Growing up in West London to Indian parents Gurinder Chadha recalls being gripped by the depictions of England and Englishness in the films she encountered on television. As part of our Screen Epiphanies series for BFI members, Chadha joined Eddie Berg on stage at BFI Southbank to introduce This Happy Breed, one of her most significant formative influences. Not only a cinematic but also a cultural epiphany, Chadha talks about how it is one of a series of films including A Taste of Honey, Kes, Up the Junction and Cathy Come Home that opened up a more intimate sense of what England was and helped inform her own cultural identity.
This Happy Breed was adapted for the screen from the Noel Coward play by David Lean in 1944. Significantly though, the play was written in 1939 following the outbreak of war. Chadha highlights this as the reason the film has that strong sense of Englishness which so appealed to her. Coward was writing without knowing how long World War II was going to last and, she speculates, stresses what English spirit meant in this portrait of surburban life to reassure a country nervous about the coming conflict.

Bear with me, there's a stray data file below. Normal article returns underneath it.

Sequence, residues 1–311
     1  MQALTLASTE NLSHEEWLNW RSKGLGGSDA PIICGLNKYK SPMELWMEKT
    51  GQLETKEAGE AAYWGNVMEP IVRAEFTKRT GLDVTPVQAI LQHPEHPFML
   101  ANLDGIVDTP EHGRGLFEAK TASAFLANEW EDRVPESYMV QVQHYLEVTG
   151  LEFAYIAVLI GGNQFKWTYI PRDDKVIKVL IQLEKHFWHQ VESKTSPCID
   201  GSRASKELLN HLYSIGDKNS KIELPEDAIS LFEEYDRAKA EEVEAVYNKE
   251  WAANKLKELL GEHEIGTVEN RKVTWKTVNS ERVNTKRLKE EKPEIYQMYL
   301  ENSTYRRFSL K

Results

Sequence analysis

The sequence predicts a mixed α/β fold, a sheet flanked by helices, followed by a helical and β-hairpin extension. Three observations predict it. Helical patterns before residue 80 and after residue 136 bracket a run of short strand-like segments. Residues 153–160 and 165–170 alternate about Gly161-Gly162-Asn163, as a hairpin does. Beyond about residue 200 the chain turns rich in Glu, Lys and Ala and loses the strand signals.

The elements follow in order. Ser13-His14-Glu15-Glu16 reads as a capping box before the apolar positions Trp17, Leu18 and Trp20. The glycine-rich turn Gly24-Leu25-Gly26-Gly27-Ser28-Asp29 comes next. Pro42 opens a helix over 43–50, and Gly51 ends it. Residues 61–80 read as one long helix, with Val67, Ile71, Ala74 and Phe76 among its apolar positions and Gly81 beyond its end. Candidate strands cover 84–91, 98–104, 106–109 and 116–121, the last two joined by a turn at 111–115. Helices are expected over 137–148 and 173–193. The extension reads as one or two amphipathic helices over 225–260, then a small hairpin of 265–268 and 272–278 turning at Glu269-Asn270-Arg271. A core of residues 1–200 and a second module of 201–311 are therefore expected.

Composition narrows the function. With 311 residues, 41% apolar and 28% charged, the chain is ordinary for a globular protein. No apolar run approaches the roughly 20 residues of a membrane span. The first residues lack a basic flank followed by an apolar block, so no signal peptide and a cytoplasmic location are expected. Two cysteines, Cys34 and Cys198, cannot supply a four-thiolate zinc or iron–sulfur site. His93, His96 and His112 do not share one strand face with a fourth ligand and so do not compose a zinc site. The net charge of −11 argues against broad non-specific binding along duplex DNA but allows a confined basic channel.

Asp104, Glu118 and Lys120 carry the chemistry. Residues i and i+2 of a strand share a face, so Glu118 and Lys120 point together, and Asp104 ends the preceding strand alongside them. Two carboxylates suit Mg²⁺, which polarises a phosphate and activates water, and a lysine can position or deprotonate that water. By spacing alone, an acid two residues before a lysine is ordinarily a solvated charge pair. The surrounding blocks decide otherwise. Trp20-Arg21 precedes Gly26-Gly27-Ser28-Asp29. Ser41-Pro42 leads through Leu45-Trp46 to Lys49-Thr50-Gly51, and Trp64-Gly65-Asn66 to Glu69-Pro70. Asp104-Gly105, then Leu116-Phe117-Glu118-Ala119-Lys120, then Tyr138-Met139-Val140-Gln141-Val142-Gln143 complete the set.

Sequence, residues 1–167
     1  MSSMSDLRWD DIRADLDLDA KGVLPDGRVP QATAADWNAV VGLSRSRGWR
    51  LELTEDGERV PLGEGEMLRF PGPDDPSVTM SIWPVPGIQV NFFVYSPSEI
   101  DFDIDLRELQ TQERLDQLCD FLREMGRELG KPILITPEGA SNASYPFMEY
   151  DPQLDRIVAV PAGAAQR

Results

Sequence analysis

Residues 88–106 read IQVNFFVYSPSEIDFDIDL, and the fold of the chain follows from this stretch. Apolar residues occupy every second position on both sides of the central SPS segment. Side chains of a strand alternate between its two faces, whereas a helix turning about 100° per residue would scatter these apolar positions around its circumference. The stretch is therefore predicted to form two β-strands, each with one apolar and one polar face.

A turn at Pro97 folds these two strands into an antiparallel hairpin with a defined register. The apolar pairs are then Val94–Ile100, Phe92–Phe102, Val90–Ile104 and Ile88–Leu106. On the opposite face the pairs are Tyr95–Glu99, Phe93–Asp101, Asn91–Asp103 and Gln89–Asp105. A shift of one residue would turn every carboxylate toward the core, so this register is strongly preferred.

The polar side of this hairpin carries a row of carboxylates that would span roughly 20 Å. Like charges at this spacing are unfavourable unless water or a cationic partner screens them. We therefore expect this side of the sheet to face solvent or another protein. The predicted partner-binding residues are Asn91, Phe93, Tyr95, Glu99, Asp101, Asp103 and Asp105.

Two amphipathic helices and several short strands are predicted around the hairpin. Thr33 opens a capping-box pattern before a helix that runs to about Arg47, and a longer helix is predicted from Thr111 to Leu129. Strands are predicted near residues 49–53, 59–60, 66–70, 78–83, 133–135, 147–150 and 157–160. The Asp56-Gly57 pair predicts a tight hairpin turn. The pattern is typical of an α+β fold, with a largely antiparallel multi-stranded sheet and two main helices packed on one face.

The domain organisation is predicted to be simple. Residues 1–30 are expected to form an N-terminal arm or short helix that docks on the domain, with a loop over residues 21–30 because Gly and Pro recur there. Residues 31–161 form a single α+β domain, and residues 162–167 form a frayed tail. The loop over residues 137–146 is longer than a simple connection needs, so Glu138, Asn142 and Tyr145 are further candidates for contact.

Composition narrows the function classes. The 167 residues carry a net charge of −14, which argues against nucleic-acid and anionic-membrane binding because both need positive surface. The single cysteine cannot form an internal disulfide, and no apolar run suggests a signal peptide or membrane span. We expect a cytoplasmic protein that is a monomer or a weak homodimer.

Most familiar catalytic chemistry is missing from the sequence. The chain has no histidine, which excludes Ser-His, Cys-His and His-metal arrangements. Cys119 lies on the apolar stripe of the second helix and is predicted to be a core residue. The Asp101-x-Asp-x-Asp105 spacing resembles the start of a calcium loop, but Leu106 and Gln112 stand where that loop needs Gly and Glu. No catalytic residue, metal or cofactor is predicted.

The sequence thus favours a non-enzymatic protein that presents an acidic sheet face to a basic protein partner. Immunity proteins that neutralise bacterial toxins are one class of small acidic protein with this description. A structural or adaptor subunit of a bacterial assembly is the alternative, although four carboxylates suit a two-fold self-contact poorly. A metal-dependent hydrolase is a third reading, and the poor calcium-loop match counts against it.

This Happy Breed helped to fuel Chadha's motivation to enter the world of film, driven by a desire to express ideas about race and racism that weren't being represented on screen. She says that there was always more a political than artistic will behind this and that she had a 'propagandist agenda' to put herself, or people like her, in the frame. Chadha is repeatedly drawn to females who want to follow a different path. She discusses how the strong autobiographical element in her work manifests as the tension between different generations and the friction that comes from the evolution in attitudes across that divide.